4. You're still paying high interest rates on old debt

If you're in this situation, it's time for a change. Your excellent credit score gives you access to loans and credit cards that could help you pay off your debt at very low, or possibly 0%, interest rates.

One option worth considering is a debt consolidation loan with a lower interest rate. Keep in mind that if the repayment period is too long, it can offset the lower rate, so be sure to do the math. If you can pay off your debt within the next 12-18 months, look into getting a balance transfer card instead. Many credit cards now come with offers that allow you to transfer your debts and pay them off at a 0% interest rate, as long as you're able to pay the debt in full by the end of the promotional period. Most balance transfer cards do charge a 3% balance transfer fee on the balance transferred, so keep that in mind when weighing your options.

5. You're paying interest on that flat-screen TV

You can take advantage of credit cards with 0% introductory APRs when making a major purchase that you can't pay for up front. Make sure you can pay off the balance before the introductory period ends. Otherwise, you could get hit with massive interest charges. Also keep in mind that if you accidentally miss a payment, your 0% APR deal will be canceled.

6. You're still paying for vacations

Low interest rates might be the most practical perk of excellent credit, but credit card rewards are easily the most fun. If you're not planning to finance any major purchases, such as a home or car, within the next two years, you could be using credit cards to get cash back, free flights, free hotel rooms, and more.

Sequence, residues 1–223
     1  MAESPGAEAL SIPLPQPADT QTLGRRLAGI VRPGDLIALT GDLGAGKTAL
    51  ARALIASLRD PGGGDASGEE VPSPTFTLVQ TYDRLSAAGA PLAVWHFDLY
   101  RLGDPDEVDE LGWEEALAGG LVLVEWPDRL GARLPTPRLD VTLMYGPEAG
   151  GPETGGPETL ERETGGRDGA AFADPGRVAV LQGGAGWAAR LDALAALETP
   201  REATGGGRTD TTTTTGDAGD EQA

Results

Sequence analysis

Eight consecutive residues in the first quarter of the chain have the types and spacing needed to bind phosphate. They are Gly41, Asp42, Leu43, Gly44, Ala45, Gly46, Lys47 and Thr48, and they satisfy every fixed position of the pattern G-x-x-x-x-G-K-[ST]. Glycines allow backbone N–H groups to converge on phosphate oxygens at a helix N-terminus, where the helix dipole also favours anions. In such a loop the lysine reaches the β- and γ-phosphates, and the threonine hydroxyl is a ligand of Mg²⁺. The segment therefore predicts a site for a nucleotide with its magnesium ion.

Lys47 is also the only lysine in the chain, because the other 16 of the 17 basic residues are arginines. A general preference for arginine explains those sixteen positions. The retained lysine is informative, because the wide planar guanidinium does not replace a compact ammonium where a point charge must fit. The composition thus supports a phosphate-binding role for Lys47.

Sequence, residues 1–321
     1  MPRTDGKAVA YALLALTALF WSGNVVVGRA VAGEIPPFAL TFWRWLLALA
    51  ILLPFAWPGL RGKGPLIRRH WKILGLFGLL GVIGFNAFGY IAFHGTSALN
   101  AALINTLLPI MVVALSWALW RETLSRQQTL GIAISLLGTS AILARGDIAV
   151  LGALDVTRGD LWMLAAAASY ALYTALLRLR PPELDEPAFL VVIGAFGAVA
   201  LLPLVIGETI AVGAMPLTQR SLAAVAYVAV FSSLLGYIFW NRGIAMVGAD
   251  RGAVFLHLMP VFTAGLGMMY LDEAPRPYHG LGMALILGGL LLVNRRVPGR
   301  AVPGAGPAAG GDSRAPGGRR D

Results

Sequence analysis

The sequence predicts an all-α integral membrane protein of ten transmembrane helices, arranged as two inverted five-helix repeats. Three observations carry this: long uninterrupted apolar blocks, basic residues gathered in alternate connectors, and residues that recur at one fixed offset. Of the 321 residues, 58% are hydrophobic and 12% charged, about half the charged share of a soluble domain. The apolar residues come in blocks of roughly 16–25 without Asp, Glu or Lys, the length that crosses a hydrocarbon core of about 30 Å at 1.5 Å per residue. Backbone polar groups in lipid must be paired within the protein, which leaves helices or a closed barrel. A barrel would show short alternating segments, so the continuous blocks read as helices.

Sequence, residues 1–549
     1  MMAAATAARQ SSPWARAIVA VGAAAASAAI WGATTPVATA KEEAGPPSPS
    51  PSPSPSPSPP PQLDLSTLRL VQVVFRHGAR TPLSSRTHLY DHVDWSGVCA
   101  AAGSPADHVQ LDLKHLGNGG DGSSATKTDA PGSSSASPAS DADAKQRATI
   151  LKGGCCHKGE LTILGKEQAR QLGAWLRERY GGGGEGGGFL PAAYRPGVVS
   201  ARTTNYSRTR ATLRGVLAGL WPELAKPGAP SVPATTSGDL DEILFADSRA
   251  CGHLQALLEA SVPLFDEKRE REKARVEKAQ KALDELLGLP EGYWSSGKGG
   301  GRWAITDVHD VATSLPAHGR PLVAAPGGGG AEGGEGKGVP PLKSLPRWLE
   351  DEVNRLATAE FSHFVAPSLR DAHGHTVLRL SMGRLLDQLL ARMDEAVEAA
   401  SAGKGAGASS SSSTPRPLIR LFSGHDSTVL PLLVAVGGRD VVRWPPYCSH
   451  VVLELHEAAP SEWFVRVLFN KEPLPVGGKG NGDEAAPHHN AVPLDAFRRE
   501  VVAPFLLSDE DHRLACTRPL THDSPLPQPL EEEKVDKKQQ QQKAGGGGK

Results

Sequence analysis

Shop around before applying for a rewards credit card to make sure you get a good deal. You'll find that lots of credit cards offer sign-on bonuses, and sometimes these bonuses can total 50,000 airline miles or even more during limited promotions. If you're planning a family vacation in the next year or two, keep your eyes peeled for a good sign-on bonus. If you strategize, you could end up scoring an almost free vacation thanks to travel credit cards.

7. You're not getting the best car insurance rates

Few people realize that credit scores are used to determine your car insurance rates. Even fewer people realize that you may be able to negotiate them, especially if you have excellent credit.

Negotiating with car insurance companies is trickier than negotiating with banks. Shop around and get a few quotes that are lower than your current rate. Call up your insurance provider and say that another company is offering you lower rates. Ask for a discount on your current rate, dropping in the fact that you have excellent credit and a clean driving record.

There's no use in having excellent credit if you don't take advantage of it. Figure out how to make your credit score work for you, and you could end up saving big on everything from vacations and expensive appliances to car insurance and your mortgage.